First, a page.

Jana Mueller, a doctoral student and Callier research assistant, and Dr. Christine Dollaghan (pictured), a professor at the Callier Center and the School of Behavioral and Brain Sciences (BBS), are authors of an article in the Journal of Speech, Language, and Hearing Researchreviewing the accuracy of assessments for identifying executive function (EF) impairment in adults following acquired brain injury. Executive functions, which include crucial skills such as planning, reasoning and judgment, are frequently observed in adults after head injury, but there is little agreement concerning the most accurate measures for diagnosing EF deficits.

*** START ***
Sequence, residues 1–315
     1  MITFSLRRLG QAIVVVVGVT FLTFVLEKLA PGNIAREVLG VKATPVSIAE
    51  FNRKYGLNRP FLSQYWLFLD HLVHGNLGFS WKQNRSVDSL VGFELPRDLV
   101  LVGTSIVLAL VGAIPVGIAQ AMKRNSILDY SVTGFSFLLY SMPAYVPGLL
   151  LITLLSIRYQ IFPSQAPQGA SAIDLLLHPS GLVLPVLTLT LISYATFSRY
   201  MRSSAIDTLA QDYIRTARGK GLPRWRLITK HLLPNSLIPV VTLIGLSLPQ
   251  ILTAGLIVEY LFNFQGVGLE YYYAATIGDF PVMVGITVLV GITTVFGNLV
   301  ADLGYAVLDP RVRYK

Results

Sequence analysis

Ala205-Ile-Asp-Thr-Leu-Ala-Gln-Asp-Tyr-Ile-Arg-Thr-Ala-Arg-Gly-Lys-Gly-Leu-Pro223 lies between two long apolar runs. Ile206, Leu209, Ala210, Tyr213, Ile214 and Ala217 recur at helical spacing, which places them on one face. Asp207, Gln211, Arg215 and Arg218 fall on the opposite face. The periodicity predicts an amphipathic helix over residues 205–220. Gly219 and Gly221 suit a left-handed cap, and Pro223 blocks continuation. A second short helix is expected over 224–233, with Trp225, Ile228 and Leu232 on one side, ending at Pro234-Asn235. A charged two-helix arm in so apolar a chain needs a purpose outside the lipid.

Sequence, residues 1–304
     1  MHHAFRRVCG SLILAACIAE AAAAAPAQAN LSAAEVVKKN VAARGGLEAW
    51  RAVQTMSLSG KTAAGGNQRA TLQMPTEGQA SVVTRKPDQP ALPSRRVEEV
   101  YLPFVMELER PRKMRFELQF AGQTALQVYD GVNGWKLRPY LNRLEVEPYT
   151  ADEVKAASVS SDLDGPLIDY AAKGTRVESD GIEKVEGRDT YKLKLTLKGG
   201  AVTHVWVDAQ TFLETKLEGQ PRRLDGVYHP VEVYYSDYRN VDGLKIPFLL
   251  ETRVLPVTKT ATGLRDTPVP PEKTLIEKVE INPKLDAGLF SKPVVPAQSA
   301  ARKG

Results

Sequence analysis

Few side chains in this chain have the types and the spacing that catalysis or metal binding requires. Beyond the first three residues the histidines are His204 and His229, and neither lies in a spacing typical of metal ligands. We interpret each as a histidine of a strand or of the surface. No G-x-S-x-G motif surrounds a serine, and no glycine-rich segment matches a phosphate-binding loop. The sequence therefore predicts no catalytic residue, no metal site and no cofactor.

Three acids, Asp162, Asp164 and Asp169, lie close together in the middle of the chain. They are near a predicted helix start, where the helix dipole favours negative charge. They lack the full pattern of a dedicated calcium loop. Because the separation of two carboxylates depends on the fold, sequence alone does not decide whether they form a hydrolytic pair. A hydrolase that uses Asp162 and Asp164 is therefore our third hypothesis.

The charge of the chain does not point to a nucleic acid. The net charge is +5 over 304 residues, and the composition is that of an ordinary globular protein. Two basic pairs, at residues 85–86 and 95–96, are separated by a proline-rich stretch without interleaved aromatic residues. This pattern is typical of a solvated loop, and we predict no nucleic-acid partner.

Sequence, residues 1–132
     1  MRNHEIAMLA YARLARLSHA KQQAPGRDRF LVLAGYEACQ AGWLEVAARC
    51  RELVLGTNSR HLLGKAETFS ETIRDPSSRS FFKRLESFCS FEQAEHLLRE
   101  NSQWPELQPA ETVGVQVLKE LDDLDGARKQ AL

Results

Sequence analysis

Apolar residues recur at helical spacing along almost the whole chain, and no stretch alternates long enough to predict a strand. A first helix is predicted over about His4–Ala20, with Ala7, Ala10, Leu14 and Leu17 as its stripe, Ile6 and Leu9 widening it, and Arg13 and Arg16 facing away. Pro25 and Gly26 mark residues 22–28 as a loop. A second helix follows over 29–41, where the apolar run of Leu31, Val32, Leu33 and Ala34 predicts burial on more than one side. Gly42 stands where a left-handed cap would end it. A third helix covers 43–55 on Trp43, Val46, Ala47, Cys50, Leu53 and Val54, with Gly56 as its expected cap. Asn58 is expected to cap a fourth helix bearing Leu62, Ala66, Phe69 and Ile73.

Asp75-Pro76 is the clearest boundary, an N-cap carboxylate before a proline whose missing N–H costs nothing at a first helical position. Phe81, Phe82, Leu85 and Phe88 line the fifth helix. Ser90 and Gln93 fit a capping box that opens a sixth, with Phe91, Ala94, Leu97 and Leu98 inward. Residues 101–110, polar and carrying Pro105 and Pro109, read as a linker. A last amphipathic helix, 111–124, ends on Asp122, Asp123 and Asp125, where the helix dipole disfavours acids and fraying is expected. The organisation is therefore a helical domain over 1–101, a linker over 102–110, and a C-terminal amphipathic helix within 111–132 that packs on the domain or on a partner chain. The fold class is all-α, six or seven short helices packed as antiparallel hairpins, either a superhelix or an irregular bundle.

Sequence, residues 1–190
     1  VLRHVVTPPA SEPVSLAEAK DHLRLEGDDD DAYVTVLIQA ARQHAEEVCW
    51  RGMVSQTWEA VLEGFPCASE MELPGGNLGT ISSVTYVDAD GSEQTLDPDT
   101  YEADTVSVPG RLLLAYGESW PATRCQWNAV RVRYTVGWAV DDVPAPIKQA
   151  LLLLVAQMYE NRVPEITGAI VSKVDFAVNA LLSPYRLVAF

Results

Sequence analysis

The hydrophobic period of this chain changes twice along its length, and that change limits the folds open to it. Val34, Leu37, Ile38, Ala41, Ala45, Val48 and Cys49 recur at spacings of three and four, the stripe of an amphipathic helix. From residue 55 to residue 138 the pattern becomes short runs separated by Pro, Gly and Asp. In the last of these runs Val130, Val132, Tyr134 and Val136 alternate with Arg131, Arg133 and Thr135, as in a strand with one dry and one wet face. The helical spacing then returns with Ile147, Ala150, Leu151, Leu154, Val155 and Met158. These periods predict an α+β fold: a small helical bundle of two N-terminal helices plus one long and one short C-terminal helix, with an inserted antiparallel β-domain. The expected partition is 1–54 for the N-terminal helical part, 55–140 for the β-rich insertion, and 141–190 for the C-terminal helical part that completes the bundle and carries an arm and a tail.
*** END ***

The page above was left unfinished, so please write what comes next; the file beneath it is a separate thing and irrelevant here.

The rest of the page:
Electronic databases were searched for studies of executive function assessments in adults with acquired brain injury (ABI) that reported any of three values: likelihood ratios (LR); standardized group mean comparisons (d); or correlations among EF tests (r2).
The searches found 1,417 citations; after full texts of 129 articles were reviewed, 34 studies were found to report at least one value of interest. Nineteen positive and negative LRs, 114 d-values, and 104 correlations concerning a wide variety of EF measures were synthesized. Though some point estimates were in the clinically informative range, all confidence intervals extended beyond it.
The researchers concluded that strong evidence is lacking concerning diagnostic accuracy and concurrent validity of EF measures for adults with ABI. They recommended more studies aimed at improving the quality of evidence concerning EF tests.